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Hello all.

Discussion in 'Handguns: Autoloaders' started by zcar.300, Mar 10, 2008.

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  1. zcar.300

    zcar.300 Member

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    Hello.
    I've been wanting a pistol of my own for a long time now. I don't plan on going into competitions or anything like that. And hopefully all I will use it for is target practice. That said, I want something I can keep handy and will be ready if/when I need it. On occasion my friends and I spend a day at a target range. So I want something I can hit targets with, at range, fairly consistently.

    My budget is around $500. What I am looking for is a gun that is accurate, easy to maintain, has adjustable sights, and fires affordable ammo. It doesn't have to be big so a 22cal would work. Although I have fired a 40cal dessert eagle and loved it. Also I don't want a revolver, I want a semi-auto with a clip. In time I would also like to add a laser sight.

    I have done some searching and I REALLY like the Sig Trailside PL22. But it seems those are hard to come by.?. I have also read good things about the CZ 85 Combat.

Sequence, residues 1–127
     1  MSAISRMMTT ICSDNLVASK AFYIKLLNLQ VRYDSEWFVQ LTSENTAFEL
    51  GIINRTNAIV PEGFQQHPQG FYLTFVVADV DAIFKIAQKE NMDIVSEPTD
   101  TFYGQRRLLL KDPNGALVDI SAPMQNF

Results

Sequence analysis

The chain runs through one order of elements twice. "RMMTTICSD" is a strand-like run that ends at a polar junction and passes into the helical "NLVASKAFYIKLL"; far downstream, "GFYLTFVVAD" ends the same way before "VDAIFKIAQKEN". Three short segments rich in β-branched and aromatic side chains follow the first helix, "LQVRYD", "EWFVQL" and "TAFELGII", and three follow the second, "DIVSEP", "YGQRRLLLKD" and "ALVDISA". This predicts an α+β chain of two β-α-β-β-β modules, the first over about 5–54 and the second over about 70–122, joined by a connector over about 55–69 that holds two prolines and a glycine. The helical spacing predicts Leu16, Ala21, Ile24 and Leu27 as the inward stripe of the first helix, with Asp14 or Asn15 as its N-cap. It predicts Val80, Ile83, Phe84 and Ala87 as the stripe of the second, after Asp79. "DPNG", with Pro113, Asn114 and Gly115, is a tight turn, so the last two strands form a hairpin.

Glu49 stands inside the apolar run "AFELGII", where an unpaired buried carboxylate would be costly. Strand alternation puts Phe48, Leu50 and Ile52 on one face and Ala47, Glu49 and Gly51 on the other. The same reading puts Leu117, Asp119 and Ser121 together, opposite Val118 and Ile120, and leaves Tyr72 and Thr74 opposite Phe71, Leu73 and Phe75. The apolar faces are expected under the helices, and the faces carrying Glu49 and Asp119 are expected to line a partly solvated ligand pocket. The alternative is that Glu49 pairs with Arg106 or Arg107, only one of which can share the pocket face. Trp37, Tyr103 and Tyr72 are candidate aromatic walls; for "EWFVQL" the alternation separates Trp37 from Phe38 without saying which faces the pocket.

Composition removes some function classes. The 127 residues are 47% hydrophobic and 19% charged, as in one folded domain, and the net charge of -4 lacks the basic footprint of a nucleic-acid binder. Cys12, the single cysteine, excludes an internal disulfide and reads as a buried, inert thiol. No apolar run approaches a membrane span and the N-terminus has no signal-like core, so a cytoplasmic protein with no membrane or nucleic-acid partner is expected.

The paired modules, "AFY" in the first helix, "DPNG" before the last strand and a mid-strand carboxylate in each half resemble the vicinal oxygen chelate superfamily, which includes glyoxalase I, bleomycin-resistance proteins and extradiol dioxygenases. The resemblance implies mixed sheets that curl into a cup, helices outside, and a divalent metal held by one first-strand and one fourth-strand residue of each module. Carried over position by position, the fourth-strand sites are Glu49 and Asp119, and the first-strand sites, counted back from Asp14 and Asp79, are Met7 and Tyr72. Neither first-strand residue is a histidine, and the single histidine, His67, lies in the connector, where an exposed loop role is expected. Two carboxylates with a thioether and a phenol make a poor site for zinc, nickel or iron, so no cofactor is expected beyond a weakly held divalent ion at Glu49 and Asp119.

I don't expect to get everything I want, if there was a perfect gun out there everyone would have one. I just want something I will get plenty of enjoyment out of and is simple to maintain.

    Any suggestions or opinions will be greatly appreciated!
     
  2. ReadyontheRight

    ReadyontheRight Member

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    Are you planning on concealed carry, or a pistol you will keep handy at home only?

    Welcome to THR!

    Glock G21
    CZ 75B
    1911 - Kimber, Colt, Springfield, Dan Wesson...
    Sig 225/P6 is a great deal at www.aimsurplus.com right now

    PLUS a .22 autoloader - Ruger MKII or Browning Buckmark
     
  3. zcar.300

    zcar.300 Member

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    RE:Are you planning on concealed carry, or a pistol you will keep handy at home only?

    I will not conceal it because I don't have a permit for that yet. I might one day though.
    I do want it to be small enough that I can put it in a holster or keep it in the car. In Missouri it is legal to keep a gun in the car without any kind of permit.

    Thank you, I will look those up.
     
  4. bannockburn

    bannockburn Member

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    zcar.300

    The SIG Traiside is no longer in production, although you can still find them at some of the larger retailers. By looking at your requirements, you might be better served by the CZ85. Available in 9mm (which is some of the most affordable ammo you can find); and capable of using the CZ Kadet .22LR conversion kit, it would make a great choice for using the same platform for both practice and home defense.
     
  5. zcar.300

    zcar.300 Member